This carbon calculator, developed by the EPA, guides students in calculating their carbon footprint and then using that information to make decisions about how to reduce their carbon emissions.

This is an interactive graph that involves records of ice cover in two Wisconsin lakes - Lake Mendota and Lake Monona - from 1855-2010.

This short investigation from Carbo Europe explores how temperature affects the solubility of carbon dioxide in water.

This interactive map allows the user to explore projected alterations of land surfaces in coastal communities, based on different scenarios of sea level changes over time.

This visualization is a website with an interactive calculator that allows for estimation of greenhouse gas production from croplands in the United States.

This interactive provides a scenario for students to look at issues related to energy and climate change from the perspective of a monarch.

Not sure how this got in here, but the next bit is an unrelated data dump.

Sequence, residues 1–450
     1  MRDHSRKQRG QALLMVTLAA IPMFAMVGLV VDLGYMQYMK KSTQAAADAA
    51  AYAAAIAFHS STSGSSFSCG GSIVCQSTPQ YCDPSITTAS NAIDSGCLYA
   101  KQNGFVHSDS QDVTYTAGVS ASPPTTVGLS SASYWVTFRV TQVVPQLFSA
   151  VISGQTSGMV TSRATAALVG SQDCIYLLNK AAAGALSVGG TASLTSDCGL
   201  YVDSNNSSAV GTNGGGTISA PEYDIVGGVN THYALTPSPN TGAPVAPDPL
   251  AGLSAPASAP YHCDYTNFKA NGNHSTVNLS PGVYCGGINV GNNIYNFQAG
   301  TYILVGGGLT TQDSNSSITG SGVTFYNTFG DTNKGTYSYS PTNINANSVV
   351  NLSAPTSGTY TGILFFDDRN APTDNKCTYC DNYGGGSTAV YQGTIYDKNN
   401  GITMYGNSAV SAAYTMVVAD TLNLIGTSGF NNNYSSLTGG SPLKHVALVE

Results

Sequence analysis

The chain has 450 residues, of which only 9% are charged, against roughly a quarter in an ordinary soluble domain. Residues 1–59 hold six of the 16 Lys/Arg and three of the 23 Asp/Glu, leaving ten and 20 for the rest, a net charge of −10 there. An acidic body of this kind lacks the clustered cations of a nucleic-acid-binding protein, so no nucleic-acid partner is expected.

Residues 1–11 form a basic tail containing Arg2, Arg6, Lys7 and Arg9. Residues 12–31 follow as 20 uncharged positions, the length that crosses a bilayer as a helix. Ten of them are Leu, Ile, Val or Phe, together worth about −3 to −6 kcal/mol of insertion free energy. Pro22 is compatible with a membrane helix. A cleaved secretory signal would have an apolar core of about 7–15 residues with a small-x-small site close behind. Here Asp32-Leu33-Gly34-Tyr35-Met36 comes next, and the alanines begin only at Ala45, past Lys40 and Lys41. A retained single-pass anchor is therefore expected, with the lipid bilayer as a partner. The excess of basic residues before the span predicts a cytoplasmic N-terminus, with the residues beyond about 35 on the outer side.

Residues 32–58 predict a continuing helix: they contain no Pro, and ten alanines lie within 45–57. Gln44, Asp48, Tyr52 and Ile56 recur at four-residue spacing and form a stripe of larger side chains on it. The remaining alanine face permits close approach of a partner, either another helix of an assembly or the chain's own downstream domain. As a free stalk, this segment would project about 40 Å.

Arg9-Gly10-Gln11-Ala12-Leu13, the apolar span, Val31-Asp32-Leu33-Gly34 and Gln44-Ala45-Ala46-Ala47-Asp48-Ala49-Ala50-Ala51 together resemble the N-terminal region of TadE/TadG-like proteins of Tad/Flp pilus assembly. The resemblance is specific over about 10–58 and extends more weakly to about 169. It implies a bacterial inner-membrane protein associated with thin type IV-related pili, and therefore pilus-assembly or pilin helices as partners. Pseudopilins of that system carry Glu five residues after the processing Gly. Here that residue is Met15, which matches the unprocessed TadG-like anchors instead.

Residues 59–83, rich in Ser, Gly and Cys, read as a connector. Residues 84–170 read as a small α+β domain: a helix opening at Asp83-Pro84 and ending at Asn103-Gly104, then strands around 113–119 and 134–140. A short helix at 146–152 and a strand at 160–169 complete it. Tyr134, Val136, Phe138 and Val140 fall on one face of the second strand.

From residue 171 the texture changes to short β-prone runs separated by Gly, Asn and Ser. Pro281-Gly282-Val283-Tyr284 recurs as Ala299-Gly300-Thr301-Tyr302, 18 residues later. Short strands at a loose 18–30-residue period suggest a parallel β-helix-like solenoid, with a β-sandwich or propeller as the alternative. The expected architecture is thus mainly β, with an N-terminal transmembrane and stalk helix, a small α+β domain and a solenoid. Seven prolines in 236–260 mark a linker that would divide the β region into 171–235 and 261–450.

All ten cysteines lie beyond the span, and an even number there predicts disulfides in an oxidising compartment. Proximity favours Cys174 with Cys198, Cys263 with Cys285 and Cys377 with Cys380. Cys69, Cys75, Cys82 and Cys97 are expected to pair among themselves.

In this lab activity, students investigate how to prepare a biofuel source for conversion to a combustible product. The activity models how raw materials are refined to process liquid fuels.

This web mapping tool allows users to investigate impacts of sea level rise. Data is included from across the United States at different scales. Various timelines and sea level rise projections can be explored.

This is a long-term inquiry activity in which students investigate locations they believe harbor cellulose-digesting microbes, collect samples, isolate them on selective media, and screen them for cellulase activity. These novel microbes may be useful for the production of cellulosic ethanol. In the process they learn about plating techniques, serial dilutions, symbiotic relationships and enzyme specificity. Two methods are provided, one focusing on isolation of pure microbial strains, the other focusing on finding symbiotic communities of microbes.
The companion activity is here:

This well-designed experiment compares CO2 impacts on salt water and fresh water. In a short demonstration, students examine how distilled water (i.e., pure water without any dissolved ions or compounds) and seawater are affected differently by increasing carbon dioxide in the air.